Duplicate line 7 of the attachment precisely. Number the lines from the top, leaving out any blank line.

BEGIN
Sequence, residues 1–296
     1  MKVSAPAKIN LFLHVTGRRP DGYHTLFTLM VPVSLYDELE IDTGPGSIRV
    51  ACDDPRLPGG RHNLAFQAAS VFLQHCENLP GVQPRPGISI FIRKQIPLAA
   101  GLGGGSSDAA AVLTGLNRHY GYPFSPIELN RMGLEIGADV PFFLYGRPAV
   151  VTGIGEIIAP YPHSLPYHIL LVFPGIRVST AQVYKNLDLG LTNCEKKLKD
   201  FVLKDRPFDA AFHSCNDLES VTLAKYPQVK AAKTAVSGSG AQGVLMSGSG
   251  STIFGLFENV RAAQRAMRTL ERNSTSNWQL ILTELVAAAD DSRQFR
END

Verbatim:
   251  STIFGLFENV RAAQRAMRTL ERNSTSNWQL ILTELVAAAD DSRQFR